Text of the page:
This month’s excerpts will be from the next stand-alone short story I plan to release (still working on the title). I don’t have a blurb yet either, but it’s about an American guy’s up-and-down relationship with a French girl.
This is the opening.
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Daniel looks around his apartment one last time. All personal signs of his life here are carefully tucked into his duffel bag, into the small backpack that serves as his carry on. A few things remain: the bed he shared with Mireille; the kitchen pans that belong to the apartment’s owner, the ones that Daniel used to cook Mireille dinner because most of the time she forgot to eat unless he reminded her. She cooked for him in that kitchen too, a few times, but she was a horrible cook, always burning things, using her own combinations instead of following recipes. France was supposed to be known for its culinary prowess, and yet Daniel had the fortune to fall in love with the only woman in the country who couldn’t even boil water without filling the apartment with smoke.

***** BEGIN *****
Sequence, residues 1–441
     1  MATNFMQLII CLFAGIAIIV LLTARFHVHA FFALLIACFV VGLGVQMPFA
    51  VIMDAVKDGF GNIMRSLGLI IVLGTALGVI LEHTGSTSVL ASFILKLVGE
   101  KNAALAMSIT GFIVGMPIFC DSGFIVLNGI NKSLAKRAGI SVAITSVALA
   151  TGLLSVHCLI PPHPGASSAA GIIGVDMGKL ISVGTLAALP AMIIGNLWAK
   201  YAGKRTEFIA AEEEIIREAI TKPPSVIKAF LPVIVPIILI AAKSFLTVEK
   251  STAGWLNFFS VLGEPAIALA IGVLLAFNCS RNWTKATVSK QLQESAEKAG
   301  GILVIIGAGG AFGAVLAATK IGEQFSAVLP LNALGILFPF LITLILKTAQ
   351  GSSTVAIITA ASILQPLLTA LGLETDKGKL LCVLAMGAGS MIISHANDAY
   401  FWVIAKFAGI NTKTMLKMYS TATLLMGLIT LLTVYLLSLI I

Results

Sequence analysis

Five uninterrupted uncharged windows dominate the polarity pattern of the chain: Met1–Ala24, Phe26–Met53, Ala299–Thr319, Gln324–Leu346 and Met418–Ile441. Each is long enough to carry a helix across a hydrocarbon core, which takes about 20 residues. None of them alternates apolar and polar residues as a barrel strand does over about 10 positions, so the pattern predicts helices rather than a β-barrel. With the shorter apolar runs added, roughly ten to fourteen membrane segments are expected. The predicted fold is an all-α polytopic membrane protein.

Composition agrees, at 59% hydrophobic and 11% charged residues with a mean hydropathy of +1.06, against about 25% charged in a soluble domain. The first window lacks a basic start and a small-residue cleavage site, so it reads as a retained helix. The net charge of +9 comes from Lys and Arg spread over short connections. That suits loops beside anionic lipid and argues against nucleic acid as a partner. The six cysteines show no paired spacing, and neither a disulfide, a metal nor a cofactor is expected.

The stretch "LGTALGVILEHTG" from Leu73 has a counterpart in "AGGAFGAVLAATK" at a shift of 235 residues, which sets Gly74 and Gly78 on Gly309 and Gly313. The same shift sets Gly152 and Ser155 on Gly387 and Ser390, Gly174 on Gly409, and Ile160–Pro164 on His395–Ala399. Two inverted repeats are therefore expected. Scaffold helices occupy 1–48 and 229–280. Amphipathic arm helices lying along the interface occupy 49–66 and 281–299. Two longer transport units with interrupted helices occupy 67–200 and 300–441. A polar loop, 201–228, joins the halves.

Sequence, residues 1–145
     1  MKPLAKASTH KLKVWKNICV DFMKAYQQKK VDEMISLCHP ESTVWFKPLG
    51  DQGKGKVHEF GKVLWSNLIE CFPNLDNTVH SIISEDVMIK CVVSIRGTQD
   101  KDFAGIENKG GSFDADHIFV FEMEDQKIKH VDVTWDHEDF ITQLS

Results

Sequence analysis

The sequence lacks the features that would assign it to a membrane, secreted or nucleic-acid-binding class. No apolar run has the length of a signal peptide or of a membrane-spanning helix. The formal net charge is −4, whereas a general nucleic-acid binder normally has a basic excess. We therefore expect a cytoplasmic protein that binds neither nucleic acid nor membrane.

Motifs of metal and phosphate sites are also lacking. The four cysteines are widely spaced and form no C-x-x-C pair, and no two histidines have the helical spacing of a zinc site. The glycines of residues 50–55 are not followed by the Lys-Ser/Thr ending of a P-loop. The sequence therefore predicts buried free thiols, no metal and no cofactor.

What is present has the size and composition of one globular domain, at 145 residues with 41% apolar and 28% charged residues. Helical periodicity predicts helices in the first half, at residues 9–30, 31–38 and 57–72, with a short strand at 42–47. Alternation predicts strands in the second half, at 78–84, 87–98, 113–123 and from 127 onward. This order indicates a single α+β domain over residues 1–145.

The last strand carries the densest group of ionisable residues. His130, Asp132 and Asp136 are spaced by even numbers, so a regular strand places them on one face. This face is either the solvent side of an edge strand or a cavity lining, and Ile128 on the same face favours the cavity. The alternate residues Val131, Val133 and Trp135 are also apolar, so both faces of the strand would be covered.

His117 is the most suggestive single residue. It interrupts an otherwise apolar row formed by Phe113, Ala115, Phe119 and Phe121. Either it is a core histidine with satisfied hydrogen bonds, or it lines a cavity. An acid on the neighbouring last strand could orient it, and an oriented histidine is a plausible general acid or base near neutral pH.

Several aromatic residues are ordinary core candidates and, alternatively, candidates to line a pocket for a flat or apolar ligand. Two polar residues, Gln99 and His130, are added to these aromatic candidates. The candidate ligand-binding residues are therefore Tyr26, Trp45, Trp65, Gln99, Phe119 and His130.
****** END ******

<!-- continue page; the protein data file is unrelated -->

He memorizes the apartment, filling in Mireille. She’s been gone for months, and now he’s leaving too. He takes a deep breath to clear his mind of the past, to focus on his future back home in the States – a future strangely empty, after years filling it with plans and goals. Now he isn’t sure what he’s going back to or what he’s going back for.
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I like how you played against stereotype by having your French girl be unable to cook; such things are very effective. I love the name Mireille, though it’s too darned hard to spell and then spelling seems to have almost nothing to do with the pronunciation.
A heart wrenching snippet. I agree in the fact that I enjoyed the fact she goes against stereotype. Lots of great detail.
As someone who’s burned more than one meal, I feel for her. It must be difficult to always have people expect you to cook better.
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